Yoga and Cognitive-Behavioral Therapy equally treat worry in older adults

Anxiety disorders are the most prevalent psychiatric disorders. Among older adults, anxiety is more common that depression, yet research on the nature and treatment of anxiety has lagged far behind that of depression. There are very few comparative effectiveness trials for treating late-life anxiety. Thus, clinicians are unable to provide an informed recommendation of one treatment over the other.

Research has demonstrated that Cognitive-behavioral therapy (CBT) is superior to enhanced usual care as well as supportive therapy in improving worry, depressive symptoms, and sleep, and these improvements are maintained for up to 1 year upon completing treatment.

Research also demonstrates that yoga reduces anxiety symptoms and improves sleep.

However, no one has conducted a comparative effectiveness trial of CBT and yoga for treating worry in older adults.

In this study, the investigators had a 500 person two-stage randomized preference trial comparing 1) wekkely cognitive-behavioral therapy with 2) bi-weekly yoga for the treatment of worry in a sample of older adults. Participants were randomized to either the preference group (participants choose the treatment) or to the random group (participants are randomized to 1 of the 2 treatments). This study design allows for the calculation of traditional treatment effects (differences in outcomes between participants randomized to either CBT or yoga), selection effects (differences in outcomes between participants who choose CBT and those who choose yoga), and preference effects (differences in outcomes between participants who choose their treatment and those who are randomized to treatment).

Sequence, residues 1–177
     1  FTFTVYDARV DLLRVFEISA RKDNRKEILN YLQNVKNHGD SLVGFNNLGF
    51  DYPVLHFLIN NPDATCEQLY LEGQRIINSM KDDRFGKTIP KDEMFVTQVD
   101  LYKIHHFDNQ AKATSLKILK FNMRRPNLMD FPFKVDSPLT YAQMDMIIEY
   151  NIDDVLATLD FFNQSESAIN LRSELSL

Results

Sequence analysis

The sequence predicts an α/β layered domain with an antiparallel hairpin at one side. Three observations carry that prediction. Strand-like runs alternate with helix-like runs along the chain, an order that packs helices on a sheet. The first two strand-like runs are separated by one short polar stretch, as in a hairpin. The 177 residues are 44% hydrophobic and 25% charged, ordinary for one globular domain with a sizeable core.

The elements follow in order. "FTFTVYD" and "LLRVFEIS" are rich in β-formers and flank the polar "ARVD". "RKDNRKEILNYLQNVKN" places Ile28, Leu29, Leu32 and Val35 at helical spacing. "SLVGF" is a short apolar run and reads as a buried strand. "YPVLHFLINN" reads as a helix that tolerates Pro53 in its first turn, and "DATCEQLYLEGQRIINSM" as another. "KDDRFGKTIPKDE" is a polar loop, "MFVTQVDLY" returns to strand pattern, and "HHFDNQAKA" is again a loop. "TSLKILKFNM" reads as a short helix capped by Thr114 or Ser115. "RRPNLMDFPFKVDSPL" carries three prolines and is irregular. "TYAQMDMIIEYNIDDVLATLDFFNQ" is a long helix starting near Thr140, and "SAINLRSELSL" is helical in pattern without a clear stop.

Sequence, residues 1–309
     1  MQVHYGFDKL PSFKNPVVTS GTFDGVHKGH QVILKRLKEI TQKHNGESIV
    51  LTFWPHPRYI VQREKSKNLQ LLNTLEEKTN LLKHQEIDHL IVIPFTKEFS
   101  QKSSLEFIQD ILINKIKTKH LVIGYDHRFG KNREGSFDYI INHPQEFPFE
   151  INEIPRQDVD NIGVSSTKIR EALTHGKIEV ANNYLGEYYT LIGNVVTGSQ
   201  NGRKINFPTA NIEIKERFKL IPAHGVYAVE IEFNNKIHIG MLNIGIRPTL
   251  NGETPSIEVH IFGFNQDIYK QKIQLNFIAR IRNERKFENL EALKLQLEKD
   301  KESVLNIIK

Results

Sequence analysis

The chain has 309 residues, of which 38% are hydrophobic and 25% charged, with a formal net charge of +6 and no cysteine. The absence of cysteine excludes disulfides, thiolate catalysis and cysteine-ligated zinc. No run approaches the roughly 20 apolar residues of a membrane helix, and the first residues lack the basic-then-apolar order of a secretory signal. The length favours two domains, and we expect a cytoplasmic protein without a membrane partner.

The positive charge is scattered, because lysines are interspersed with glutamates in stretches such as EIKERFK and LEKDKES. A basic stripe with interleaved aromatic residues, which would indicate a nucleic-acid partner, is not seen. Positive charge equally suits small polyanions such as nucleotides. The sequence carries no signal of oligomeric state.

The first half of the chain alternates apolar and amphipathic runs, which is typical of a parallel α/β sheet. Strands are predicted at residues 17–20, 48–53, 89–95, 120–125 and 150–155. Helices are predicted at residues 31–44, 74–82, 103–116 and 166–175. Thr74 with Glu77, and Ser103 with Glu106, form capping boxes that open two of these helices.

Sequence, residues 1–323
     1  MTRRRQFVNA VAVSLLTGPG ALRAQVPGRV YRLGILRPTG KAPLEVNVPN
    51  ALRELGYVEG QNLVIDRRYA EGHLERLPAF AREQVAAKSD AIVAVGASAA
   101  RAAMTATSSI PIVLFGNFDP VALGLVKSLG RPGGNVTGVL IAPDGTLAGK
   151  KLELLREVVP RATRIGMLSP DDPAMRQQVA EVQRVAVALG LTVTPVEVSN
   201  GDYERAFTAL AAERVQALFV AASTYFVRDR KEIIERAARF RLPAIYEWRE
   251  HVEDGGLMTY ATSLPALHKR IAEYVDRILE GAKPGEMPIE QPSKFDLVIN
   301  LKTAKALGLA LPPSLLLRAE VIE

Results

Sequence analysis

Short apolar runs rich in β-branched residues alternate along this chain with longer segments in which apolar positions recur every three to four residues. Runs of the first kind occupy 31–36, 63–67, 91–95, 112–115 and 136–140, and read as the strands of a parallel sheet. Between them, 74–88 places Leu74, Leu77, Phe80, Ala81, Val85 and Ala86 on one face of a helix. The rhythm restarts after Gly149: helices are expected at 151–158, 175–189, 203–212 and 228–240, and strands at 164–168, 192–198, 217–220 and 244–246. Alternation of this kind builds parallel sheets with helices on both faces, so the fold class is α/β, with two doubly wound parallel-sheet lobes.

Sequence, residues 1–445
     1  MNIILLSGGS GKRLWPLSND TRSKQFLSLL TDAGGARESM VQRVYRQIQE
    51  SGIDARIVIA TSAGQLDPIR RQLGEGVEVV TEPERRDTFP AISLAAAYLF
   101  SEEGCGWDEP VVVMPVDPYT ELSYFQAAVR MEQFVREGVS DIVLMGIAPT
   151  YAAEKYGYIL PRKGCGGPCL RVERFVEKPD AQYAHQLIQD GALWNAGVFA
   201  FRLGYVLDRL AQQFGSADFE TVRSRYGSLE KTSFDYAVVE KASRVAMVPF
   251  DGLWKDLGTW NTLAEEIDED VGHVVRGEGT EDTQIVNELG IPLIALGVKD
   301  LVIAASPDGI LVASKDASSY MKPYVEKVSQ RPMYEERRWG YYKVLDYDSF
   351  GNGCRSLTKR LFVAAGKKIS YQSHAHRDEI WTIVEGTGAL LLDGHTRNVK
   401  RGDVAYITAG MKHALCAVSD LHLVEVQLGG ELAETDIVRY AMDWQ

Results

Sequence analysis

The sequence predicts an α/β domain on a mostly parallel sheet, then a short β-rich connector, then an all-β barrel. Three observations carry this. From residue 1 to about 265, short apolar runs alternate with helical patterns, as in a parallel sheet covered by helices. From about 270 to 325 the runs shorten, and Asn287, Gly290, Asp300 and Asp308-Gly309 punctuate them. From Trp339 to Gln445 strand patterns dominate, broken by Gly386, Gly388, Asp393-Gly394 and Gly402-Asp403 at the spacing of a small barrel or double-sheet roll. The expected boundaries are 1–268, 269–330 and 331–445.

Six months after intervention completion, CBT and yoga RCT participants reported sustained improvements from baseline in worry, anxiety, sleep, depressive symptoms, fatigue, and social participation (no significant between-group differences). Using data combined from the randomized and preference trials, there were no significant preference or selection effects. Long-term intervention effects were observed at clinically meaningful levels for most of the study outcomes.

CBT and yoga both equally demonstrated maintained improvements from baseline on multiple outcomes six months after intervention completion in a large sample of older adults. These findings show that both interventions can have long-term impact for treating worry in older adults.


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